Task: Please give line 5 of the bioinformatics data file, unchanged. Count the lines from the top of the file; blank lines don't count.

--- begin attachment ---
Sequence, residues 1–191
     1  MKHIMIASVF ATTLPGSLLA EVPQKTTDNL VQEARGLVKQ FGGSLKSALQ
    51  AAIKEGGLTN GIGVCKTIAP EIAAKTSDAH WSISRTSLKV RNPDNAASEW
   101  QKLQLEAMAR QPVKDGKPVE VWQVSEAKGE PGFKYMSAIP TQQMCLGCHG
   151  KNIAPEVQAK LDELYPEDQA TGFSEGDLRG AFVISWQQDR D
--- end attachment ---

   151  KNIAPEVQAK LDELYPEDQA TGFSEGDLRG AFVISWQQDR D